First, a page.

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The Impact of Organizational Justice on Employee's Job Satisfaction: The Malaysian Companies Perspectives

Author(s): Choong K. Fatt | Edward W.S. Khin | Tioh N. Heng

Journal: American Journal of Economics and Business Administration
ISSN 1945-5488

Volume: 2;
Issue: 1;
Start page: 56;
Date: 2010;
Original page

Keywords: Organizational justice | job satisfaction | distributive | procedural justice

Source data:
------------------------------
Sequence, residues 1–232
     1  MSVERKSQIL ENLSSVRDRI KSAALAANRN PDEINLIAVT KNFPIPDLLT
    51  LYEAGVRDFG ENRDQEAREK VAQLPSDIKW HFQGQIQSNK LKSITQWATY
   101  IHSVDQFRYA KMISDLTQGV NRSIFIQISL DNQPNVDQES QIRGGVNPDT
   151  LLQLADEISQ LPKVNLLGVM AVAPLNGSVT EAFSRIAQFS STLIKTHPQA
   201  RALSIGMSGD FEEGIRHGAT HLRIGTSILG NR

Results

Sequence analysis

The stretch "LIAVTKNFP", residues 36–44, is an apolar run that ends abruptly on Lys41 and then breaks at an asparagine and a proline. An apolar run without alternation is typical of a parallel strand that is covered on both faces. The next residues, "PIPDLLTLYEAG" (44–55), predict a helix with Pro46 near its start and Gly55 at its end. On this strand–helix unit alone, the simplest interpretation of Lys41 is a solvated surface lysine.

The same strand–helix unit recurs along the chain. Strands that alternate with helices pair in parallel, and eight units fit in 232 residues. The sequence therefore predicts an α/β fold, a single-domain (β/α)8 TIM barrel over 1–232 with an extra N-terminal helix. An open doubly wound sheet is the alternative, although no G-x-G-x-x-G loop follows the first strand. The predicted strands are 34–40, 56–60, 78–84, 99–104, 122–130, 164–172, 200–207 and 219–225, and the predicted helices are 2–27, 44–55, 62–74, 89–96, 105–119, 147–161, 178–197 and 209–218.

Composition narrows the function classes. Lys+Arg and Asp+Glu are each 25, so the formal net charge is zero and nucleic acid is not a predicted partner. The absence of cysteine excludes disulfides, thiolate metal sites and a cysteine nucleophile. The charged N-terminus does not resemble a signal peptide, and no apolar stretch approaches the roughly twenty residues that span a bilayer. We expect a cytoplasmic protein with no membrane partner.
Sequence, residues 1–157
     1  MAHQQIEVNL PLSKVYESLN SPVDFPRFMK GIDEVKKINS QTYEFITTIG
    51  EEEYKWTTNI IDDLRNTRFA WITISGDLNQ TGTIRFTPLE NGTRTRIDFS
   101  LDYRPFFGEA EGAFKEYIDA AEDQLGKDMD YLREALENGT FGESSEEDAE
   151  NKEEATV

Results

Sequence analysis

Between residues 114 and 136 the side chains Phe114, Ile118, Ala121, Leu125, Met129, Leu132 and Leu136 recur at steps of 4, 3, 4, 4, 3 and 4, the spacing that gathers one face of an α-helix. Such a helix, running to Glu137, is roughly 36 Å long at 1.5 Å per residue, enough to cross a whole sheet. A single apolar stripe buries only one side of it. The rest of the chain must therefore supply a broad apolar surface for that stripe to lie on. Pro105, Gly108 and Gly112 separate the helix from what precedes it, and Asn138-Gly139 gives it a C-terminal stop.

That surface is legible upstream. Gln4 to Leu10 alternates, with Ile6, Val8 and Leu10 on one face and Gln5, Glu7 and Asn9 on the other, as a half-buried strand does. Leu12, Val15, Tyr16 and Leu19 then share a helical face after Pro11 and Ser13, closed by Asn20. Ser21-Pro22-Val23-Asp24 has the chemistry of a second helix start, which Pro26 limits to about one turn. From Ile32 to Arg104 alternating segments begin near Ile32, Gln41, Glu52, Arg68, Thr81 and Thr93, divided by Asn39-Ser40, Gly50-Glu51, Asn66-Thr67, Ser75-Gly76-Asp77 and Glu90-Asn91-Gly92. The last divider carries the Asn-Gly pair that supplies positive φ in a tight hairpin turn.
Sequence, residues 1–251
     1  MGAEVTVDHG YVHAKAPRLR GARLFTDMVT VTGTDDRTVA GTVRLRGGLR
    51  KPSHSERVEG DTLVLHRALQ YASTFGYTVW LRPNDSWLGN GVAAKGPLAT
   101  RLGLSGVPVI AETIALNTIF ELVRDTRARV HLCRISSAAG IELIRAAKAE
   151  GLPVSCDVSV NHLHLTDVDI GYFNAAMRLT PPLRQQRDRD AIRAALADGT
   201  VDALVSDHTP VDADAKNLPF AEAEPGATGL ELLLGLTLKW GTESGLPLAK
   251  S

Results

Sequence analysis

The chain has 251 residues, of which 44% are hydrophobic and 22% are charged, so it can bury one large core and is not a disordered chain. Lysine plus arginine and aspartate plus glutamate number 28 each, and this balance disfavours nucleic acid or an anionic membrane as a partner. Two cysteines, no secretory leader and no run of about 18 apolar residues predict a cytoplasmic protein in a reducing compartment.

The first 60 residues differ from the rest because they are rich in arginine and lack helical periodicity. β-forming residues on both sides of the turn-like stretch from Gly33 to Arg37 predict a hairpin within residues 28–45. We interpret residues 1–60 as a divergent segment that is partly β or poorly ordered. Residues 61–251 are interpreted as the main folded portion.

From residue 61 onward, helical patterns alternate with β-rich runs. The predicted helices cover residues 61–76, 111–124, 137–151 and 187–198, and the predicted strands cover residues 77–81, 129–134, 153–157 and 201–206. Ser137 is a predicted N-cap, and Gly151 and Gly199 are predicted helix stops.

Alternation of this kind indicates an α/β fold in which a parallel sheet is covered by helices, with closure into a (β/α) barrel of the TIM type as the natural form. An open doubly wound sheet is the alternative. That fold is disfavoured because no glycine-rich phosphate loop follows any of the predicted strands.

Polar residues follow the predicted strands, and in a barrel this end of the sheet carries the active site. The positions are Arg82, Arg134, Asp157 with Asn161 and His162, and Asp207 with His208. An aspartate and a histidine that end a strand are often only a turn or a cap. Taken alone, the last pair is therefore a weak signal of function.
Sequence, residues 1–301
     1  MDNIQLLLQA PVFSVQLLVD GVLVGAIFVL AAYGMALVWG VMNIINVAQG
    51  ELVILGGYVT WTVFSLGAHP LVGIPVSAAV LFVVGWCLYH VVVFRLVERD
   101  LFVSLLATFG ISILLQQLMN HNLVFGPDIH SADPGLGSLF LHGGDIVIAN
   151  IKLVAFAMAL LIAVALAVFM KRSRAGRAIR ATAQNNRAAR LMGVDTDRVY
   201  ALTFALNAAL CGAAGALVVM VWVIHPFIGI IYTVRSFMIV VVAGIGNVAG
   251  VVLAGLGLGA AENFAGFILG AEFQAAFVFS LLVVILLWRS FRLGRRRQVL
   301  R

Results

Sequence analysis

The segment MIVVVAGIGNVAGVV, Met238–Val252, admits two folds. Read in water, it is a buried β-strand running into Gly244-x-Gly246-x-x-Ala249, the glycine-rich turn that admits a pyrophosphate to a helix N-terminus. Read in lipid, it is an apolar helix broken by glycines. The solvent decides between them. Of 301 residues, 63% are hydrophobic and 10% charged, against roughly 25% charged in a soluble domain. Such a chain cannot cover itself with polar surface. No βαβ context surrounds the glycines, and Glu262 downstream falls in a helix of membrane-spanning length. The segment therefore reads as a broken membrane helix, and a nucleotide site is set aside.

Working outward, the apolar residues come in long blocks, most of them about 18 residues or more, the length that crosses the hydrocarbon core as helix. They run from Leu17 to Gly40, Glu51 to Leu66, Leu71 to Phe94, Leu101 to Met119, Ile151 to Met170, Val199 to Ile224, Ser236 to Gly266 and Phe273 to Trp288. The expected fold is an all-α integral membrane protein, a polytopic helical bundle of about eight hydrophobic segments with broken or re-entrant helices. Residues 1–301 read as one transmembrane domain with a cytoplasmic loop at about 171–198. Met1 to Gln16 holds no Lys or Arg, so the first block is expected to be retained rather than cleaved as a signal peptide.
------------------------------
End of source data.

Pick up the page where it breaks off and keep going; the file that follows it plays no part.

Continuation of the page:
Problem statement: This research study analyzed the impact of organizational justice as encompassed by two components, namely distributive justice and procedural justice on employee’s job satisfaction, organizational commitment, and turnover intention. This study revealed a positive and significant relationship showing that the foundation of an employee’s job satisfaction and organizational commitment is within the application of both distributive and procedural justice, and this supports a significant negative relationship to turnover intention. Approach: This study included the design and distribution of a self-administered questionnaire to 300 Malaysian employees working for small and middle size companies in the Malaysia, Klang Valley. The sample consisted of managerial and non-managerial employees who volunteered to participate in this study. The results supported the hypothesis that distributive and procedural justice has significant relationship with employee’s job satisfaction, organizational commitment and turnover intention. Result: This finding implied that the higher the level of employee’s perception towards fairness to the means used to determine outcomes (procedural justice) and fairness of the outcomes employees receive (distributive justice) tended to increase the level of employees’ job satisfaction, organizational commitment while reduces turnover intention. Therefore, organizations that take a proactive approach to understand employee’s perceptions of distributive and procedural justice, and provide appropriate working environment can potentially reap benefits including cost associated to employee retentions. Conclusion: The findings in this study would help managers and business organization in Malaysia to formulate strategies that involved work factors such as distributive and procedural justice to improve the management of human resource development. These strategies would help in influencing positive behaviors among employees, and hence achieve effectiveness and high productivity in the organization. Therefore, it was worth the effort for the organization to train and educate their managers on the impact of perceptions of organizational justice on the motivation and commitment of their employees.
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